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Martin’s ‘new-age’ comedy delights, appeals to young crowds

Cassie Belek | Monday, March 6, 2006

Demetri Martin has some jokes and he tells them well. In addition to telling these jokes, Martin also plays instruments. He did both Saturday night at Legends to a room so packed that people were even sitting on the floor.

Martin, who is well on his way to becoming an established comic, excels in the lost art of telling jokes. While other comedians present lengthy scenarios with the punch line at the end, Martin, an observational comedian, presents a series of unrelated jokes like “I think the worst time to have a heart attack is during a game of charades,” and “Sometimes I wonder what would Jesus do for a Klondike bar.”

As a graduate of Yale University, he dropped out of NYU Law School after only a few months because he thought it was boring. He became an intern for “The Daily Show with Jon Stewart” and later worked as a sketch writer for “Late Night with Conan O’Brien.” Recently he has made comic appearances on “Comedy Central Presents,” “The Late Show with David Letterman” and “Late Night with Conan O’Brien.” Martin is currently the resident trendspotter for “The Daily Show,” which he has mixed feelings on because he said now he actually has to pay attention to trends.

Martin’s performance began with a short animated film he created highlighting “Lesser Known Mythical Creatures.” Then Martin emerged from behind the curtains and interacted with the audience before beginning his actual set. He thrives on spontaneity and improvisation, which was apparent as he pointed out audience members and made fun of them, even though he said he hates it when comics do that. Martin can take anything in the room and make a joke of it instantly, from a green exit sign to the name “Legends.”

Martin is among a new crop of alternative comedians who rely on a more aware audience to understand their type of humor. They break tradition by including short films, musical instruments and various props to create comedy that makes the audience think rather than just listen and laugh. They are breaking the rules of traditional comedy and younger audiences are there to embrace them.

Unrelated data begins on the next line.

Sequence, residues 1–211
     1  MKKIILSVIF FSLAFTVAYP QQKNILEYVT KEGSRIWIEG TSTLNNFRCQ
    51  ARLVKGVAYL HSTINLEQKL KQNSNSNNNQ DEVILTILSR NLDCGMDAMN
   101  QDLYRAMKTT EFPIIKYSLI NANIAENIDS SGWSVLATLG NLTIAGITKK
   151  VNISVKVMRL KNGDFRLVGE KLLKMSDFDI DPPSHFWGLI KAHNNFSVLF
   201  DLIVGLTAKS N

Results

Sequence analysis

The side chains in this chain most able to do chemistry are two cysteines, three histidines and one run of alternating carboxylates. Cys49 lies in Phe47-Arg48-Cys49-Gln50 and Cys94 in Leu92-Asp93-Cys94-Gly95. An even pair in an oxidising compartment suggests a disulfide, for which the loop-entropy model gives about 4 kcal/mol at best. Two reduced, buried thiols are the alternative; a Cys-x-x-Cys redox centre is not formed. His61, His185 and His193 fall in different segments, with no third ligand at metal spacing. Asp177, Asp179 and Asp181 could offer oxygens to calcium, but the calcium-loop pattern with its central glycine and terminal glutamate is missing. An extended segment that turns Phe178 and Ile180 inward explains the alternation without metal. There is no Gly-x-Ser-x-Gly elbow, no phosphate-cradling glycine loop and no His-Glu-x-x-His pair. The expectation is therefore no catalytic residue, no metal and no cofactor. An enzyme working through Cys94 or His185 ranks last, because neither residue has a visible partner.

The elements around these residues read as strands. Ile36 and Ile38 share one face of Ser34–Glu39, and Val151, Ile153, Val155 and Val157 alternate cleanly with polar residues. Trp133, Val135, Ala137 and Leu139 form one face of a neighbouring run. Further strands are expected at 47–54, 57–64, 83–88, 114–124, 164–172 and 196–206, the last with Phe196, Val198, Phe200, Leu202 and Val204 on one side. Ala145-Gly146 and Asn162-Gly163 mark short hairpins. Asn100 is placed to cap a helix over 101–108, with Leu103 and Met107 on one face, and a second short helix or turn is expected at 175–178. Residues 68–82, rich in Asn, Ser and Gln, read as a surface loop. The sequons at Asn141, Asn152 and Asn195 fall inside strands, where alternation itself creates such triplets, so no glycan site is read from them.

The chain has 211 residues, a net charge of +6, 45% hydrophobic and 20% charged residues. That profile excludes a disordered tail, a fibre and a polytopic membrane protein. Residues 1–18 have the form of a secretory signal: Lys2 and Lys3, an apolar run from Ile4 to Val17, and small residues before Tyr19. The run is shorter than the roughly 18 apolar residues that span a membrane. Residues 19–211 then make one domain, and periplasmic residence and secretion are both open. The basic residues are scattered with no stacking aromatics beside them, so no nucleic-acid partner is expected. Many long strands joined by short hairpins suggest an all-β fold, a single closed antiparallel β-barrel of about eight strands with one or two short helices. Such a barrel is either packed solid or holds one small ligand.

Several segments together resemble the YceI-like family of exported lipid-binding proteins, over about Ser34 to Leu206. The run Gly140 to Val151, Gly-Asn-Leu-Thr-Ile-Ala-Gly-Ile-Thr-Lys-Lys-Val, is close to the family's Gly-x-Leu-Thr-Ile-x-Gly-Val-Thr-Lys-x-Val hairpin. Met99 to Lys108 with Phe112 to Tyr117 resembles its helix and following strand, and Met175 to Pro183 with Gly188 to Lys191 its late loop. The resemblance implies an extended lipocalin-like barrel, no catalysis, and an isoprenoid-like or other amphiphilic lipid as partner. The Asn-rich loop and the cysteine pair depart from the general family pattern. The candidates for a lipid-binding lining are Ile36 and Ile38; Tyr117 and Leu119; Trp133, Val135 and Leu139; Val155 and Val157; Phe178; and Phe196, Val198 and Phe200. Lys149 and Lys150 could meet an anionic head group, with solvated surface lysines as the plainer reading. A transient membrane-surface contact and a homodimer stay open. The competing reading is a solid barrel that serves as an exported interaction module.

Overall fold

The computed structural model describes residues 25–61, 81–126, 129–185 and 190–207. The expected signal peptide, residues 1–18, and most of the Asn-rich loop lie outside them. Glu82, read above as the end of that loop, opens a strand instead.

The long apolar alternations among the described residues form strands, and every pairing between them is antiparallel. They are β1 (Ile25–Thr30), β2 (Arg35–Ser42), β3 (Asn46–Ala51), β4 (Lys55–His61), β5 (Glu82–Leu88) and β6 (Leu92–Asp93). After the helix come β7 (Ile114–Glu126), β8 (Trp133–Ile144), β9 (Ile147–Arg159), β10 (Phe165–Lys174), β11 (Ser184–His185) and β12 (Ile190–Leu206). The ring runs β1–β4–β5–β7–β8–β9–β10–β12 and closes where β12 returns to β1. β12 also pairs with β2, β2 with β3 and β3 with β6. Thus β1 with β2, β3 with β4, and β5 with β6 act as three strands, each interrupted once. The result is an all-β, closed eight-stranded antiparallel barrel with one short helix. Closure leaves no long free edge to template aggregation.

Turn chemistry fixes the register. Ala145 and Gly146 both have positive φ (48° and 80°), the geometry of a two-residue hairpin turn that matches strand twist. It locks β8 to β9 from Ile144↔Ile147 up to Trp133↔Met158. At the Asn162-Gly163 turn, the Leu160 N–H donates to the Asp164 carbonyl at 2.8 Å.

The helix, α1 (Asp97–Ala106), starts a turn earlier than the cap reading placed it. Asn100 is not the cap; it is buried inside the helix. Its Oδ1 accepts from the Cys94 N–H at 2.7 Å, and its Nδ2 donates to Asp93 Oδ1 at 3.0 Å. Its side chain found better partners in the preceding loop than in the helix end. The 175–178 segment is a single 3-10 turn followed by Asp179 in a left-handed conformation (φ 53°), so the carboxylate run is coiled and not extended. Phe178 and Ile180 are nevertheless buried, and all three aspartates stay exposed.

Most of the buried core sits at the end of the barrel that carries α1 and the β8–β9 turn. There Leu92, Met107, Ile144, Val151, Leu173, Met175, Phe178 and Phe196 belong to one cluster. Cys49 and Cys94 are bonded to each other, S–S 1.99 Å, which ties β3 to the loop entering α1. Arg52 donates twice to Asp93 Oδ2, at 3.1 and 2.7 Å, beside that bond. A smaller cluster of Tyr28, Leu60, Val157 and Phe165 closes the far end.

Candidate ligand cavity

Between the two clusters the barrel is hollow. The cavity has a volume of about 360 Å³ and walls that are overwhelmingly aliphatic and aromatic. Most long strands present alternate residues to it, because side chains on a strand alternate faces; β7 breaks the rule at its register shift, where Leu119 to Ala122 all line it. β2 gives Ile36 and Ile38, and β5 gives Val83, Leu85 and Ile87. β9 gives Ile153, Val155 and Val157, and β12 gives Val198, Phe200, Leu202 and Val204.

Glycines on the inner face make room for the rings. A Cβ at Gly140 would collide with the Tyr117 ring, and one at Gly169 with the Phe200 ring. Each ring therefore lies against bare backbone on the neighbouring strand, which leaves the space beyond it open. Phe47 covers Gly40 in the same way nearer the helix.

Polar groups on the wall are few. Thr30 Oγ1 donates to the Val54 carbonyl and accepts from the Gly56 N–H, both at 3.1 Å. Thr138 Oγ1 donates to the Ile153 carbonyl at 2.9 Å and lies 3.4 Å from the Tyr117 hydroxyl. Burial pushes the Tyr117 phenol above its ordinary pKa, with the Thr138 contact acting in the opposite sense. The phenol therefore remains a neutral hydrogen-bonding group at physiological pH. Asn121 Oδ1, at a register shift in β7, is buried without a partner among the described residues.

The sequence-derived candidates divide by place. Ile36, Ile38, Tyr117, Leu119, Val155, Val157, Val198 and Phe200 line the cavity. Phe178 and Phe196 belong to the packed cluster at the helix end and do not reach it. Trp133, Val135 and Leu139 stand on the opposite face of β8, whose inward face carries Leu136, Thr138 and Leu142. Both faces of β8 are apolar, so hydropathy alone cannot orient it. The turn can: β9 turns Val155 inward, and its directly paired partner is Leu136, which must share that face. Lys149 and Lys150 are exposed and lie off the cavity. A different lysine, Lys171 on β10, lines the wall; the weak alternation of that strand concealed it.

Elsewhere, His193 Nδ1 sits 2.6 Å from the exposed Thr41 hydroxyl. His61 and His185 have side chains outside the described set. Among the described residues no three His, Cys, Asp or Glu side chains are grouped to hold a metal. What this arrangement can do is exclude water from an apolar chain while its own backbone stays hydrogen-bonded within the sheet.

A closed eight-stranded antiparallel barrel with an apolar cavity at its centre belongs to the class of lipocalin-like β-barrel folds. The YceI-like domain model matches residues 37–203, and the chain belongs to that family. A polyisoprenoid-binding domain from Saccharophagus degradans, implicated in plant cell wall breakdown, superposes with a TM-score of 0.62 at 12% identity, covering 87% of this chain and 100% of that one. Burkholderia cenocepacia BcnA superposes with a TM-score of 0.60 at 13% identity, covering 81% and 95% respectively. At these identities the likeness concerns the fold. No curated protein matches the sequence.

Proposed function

On Saturday night, Martin played the keyboard and the guitar while delivering some of his jokes. During his keyboard segment, however, he seemed to lose his connection with the audience. One could almost picture him performing alone in his bedroom rather than in front of a large crowd. Martin seemed bored and tired, but revived the show later with his guitar playing in which he shouted at and called up an annoying audience member named James. It was a moment of intense awkwardness, but Martin turned it into one of the funniest parts of the evening.

After his set, Martin took audience questions, increasing the intimacy between him and the crowd. He spoke of run-ins with other comedians, including the recently passed away Mitch Hedburg, and he called Conan O’Brien and Jon Stewart two of the best bosses someone could have. After answering questions, he took pictures and signed autographs.

Martin displayed his comedic talents to an eager and thankful audience. When he questioned why one audience member was recording his set, the young man answered that Martin was the best thing to come to Legends this year.

A joke seldom failed, and when it did, Martin was as self-deprecating as Conan O’Brien, displaying his laid-back attitude but also great confidence that the audience wouldn’t reject him. Students don’t often get the chance to see professional comedians in person, and Martin provided his brand of humor and increased his growing fan base.